Anyone who was raised on Robin Williams' classics is still reeling from the news of his death. We all felt like we knew him. It was first reported by the media that he had committed suicide as the result of severe depression and repeated drug and alcohol use. As I was scrolling through my newsfeeds after hearing about his death, the comments made about his depression were indeed chilling enough. People said that he shouldn't have been depressed because of all he had been given.
When the news broke later in the week that he had early-stage Parkinson's disease, the media storm that hit turned my stomach. As someone who has lived with a very visible disability all my life (cerebral palsy), to see the media implying that his disability was so tragic he felt the need to kill himself, was disturbing.
While his death has prompted us to have a discussion around depression and mental illness (I think we should be having these discussions readily anyhow, and they should seem no more important simply because a celebrity dealt with it), I think it is necessary that we consider how we view disability. We need to have discussions around the stigmatization of those with disabilities, and more importantly the fear that surrounds disability. Disability is never frankly discussed and as a result, the mythology of what disability could be versus what it is in reality continues to grow. The Parkinson's story in connection to Williams' suicide makes it clear that we have a long way yet to come in our true acceptance and understanding of Persons with Disabilities today.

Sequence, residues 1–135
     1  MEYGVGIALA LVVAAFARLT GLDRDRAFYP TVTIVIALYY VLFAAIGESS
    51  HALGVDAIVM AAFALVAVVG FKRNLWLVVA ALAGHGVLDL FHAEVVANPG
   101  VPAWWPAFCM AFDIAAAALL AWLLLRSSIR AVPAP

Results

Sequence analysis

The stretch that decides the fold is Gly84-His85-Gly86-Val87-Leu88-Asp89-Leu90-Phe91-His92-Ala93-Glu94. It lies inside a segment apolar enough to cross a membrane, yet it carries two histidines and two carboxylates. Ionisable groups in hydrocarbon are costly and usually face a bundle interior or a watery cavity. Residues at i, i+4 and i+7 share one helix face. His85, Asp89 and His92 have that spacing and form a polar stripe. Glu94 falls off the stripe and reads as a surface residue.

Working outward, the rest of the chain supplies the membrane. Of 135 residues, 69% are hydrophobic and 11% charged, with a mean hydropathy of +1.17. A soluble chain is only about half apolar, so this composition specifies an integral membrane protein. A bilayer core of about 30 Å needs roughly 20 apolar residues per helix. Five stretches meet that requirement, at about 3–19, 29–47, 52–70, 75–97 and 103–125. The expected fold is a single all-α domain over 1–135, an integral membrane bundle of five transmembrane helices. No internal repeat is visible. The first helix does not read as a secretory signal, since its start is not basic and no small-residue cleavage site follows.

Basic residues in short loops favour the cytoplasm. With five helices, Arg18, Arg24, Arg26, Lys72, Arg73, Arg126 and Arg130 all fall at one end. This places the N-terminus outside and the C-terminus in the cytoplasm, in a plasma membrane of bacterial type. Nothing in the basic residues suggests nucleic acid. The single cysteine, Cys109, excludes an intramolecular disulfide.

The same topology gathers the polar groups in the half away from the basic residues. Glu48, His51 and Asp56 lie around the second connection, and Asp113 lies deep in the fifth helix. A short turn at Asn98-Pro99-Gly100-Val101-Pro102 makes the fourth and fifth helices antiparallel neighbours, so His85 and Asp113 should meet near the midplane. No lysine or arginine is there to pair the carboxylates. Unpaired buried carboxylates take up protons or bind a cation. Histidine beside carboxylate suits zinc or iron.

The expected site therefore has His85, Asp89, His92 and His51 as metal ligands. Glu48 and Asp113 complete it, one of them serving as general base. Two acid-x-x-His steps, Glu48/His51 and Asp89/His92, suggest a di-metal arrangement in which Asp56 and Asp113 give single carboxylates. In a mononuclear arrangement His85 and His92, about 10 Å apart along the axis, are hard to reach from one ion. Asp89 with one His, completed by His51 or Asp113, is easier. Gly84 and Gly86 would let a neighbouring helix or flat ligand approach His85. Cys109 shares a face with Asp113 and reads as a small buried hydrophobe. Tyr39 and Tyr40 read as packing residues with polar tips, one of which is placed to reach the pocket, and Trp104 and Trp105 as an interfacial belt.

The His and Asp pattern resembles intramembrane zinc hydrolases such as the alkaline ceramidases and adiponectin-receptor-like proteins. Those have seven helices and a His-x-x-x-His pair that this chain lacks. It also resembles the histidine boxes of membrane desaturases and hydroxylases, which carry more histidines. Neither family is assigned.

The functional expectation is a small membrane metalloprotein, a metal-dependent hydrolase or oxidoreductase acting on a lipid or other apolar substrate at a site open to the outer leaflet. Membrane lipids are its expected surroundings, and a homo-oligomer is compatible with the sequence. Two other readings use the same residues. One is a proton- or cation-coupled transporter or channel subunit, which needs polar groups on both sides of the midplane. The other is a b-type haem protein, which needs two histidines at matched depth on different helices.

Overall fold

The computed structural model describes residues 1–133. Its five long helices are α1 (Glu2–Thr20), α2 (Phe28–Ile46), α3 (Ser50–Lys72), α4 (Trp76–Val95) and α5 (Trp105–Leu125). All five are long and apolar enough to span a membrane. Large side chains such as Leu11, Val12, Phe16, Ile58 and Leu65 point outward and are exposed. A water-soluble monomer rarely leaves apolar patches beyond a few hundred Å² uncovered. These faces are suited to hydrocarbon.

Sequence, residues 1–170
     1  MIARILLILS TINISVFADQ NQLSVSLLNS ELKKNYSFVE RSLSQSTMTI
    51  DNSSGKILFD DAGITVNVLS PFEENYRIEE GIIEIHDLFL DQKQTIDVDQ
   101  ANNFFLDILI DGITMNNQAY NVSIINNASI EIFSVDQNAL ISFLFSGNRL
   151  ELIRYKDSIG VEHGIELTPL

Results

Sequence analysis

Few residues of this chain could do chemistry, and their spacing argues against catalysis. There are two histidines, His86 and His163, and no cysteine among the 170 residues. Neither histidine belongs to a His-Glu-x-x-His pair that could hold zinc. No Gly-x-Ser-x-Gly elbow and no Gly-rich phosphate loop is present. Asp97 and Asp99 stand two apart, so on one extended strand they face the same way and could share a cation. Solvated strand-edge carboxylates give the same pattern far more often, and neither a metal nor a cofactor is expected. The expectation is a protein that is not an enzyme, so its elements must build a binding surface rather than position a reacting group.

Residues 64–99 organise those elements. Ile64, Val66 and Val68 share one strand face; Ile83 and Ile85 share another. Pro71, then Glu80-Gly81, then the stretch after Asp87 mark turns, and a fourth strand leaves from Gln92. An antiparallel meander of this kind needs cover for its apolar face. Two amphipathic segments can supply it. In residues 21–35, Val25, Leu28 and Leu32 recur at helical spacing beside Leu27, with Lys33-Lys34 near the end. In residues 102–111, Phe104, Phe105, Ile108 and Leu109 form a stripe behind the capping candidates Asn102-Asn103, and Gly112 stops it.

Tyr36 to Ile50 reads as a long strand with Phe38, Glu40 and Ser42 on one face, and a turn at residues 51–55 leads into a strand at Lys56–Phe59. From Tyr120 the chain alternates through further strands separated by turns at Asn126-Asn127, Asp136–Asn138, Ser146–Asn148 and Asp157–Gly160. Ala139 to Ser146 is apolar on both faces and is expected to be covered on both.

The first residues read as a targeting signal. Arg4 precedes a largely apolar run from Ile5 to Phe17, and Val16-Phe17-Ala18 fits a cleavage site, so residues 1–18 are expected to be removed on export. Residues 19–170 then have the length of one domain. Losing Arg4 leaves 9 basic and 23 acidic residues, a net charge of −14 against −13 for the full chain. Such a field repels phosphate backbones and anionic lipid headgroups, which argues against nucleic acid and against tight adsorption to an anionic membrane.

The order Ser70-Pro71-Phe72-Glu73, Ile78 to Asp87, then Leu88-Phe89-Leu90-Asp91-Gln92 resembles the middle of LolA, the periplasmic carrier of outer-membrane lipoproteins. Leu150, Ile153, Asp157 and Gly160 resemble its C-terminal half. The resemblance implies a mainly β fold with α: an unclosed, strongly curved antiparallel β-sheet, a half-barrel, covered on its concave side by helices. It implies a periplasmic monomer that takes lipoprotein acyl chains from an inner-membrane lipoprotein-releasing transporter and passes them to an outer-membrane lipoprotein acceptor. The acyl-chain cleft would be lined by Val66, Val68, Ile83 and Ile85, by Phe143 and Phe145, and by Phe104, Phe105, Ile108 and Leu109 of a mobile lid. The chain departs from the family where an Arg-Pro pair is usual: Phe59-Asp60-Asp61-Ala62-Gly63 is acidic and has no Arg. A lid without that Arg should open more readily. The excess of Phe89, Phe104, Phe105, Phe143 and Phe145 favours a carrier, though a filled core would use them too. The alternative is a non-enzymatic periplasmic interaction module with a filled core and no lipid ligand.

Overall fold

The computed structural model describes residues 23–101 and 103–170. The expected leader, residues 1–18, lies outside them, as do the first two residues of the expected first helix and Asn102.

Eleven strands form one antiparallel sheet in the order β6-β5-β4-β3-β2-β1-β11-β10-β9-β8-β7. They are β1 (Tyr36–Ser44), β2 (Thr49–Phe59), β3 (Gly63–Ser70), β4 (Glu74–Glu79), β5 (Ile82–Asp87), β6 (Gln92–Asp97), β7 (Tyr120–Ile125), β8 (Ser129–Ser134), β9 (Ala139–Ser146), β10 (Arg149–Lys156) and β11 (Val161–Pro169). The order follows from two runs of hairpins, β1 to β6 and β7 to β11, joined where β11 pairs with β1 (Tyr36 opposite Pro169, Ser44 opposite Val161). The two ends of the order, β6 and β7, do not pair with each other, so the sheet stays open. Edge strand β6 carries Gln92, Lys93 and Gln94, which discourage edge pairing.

Consider that Michael J. Fox has Parkinson's disease and he is still working. Christopher Reeve worked as an actor and director right up until his death. Countless other actors/celebrities and professionals who have embraced their disabilities and made them their own. For instance, my disability enabled me to appear on television and in a short film discussing the realities of sexuality and disability. I can't hide from it, but I can mobilize it. It is something we should be celebrating, not shunning. Disability can make our screens that much brighter, it can ground the story in a reality that we so often overlook, and need to be seeing and talking about.
No one will ever know why Robin Williams took his own life. That is not for us to know. However, for us to even entertain the suggestion that disability was the primary contributing factor is shameful, telling and chilling all at once. Two wheels forward, four wheels back.
If you want to find out more about my work as a Disability Awareness Consultant, please go to www.andrewmorrisongurza.com.